The light controls are a little more complicated than most. The key switch has four positions: off, on, on with headlights in the fenders lit, and on with headlights in the fenders and the headlight on the handlebar burning. A switch on the left side of the bar controls high/low, but only for the lights in the fenders. For work or stop-and-go technical riding where we were stopping and starting the engine, it was nice to have the headlights off to conserve the battery. That was especially true when the cooling fan was on.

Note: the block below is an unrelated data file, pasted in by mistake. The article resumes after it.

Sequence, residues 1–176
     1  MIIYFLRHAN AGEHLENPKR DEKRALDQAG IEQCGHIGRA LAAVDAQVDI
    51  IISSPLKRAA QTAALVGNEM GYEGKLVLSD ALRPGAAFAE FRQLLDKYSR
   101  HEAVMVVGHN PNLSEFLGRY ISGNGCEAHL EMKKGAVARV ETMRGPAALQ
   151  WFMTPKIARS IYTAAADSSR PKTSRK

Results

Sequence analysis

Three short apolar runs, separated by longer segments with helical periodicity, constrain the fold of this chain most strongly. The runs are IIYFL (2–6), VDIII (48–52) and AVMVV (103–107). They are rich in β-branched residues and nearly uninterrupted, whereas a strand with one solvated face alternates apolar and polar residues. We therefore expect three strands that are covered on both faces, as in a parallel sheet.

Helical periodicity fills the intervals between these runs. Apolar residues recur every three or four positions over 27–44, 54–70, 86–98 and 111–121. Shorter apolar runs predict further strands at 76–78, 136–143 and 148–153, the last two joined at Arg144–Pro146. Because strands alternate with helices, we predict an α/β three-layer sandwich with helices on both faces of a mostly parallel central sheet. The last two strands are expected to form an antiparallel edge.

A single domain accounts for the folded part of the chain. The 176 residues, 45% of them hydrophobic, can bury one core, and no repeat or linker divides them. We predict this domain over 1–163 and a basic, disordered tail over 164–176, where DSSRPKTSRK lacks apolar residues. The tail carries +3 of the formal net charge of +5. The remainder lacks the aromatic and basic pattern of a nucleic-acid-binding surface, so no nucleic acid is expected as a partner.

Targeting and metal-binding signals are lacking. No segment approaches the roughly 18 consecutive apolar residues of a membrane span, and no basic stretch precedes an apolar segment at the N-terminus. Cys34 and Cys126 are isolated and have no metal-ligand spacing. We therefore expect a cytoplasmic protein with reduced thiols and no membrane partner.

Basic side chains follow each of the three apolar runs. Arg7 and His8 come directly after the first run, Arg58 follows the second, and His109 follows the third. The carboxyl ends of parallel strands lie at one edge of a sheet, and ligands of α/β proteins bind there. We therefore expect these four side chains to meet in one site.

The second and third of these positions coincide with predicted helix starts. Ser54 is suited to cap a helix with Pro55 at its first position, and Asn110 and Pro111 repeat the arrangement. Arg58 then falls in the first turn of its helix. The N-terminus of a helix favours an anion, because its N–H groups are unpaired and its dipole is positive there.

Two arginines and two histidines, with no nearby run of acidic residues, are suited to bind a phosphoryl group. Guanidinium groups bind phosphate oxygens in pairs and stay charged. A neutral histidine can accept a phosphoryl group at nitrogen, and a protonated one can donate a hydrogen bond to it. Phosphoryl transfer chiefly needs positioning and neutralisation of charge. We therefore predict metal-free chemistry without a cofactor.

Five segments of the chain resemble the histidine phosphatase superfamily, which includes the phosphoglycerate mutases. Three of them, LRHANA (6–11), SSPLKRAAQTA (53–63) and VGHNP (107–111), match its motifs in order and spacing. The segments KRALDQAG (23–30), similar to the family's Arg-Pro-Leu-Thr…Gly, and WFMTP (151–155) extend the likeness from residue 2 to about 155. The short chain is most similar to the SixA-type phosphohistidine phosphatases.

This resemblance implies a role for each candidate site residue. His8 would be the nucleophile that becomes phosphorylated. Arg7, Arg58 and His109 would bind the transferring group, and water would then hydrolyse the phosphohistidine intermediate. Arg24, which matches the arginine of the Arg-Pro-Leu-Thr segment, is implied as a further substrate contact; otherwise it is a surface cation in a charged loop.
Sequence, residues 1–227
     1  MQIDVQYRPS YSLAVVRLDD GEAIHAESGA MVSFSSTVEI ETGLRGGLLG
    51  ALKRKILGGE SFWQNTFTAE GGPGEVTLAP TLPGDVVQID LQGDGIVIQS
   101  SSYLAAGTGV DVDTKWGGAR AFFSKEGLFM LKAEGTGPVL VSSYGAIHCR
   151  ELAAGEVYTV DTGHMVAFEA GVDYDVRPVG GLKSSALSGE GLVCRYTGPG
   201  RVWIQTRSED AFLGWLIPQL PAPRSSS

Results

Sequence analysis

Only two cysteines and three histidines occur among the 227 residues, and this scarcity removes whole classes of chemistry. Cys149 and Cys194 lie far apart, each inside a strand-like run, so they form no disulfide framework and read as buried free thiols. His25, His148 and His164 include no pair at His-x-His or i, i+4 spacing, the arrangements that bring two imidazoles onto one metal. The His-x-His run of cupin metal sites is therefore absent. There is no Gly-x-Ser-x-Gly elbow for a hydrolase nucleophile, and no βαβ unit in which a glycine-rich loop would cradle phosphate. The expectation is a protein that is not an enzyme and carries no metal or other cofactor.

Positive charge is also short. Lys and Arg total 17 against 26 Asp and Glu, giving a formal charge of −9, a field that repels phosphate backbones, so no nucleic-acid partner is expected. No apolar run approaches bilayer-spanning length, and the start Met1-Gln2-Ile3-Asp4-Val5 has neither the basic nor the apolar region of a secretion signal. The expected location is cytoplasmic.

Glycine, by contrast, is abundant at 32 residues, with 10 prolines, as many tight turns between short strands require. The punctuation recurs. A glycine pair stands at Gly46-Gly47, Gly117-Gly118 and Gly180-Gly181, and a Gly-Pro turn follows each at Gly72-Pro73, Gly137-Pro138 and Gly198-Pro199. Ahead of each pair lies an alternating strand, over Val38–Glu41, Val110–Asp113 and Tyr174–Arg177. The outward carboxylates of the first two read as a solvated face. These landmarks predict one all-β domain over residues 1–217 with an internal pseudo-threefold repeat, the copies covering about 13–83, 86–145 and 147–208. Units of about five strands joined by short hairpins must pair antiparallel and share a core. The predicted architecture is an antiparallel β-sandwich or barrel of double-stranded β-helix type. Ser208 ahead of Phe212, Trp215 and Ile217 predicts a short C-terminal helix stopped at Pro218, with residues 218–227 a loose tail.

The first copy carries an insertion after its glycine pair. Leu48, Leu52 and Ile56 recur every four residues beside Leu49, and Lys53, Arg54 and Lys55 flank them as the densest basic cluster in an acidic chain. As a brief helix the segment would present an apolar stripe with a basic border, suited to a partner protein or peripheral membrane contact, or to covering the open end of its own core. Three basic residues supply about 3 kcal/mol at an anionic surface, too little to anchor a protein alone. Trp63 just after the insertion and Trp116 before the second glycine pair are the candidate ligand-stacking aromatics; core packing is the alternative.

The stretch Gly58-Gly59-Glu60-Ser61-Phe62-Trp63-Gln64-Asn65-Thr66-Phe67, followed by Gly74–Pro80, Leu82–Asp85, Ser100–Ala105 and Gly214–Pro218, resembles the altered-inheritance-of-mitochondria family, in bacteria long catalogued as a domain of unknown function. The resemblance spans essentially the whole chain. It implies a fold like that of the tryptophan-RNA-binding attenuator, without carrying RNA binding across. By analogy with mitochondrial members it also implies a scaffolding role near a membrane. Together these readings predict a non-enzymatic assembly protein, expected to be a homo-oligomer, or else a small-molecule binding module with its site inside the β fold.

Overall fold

Suzuki has the tough 4x4 look down with the almost-SUV front grill. The remainder of the plastic is nicely appointed and attractive. Unlike some brands, the upper-fender edges are glossy, but down near the footwell area is a black, rubbery plastic that attaches to the upper fenders. Fasteners with rubber grommets are used, and when stressed, they pull free, but you simply loosen them and reuse them. The standard colors are red and a shade of green, and like other brands, the camo version is more expensive. A large and amply padded T-shaped seat finishes up the bodywork. Above the body are front and rear racks. They aren’t giant, but adequate for most jobs within their weight limit of 66 pounds (front) and 132 pounds (rear). Suzuki also included a screw-cap storage compartment in the front fender, and another with a simple door under the rear fender opposite the exhaust.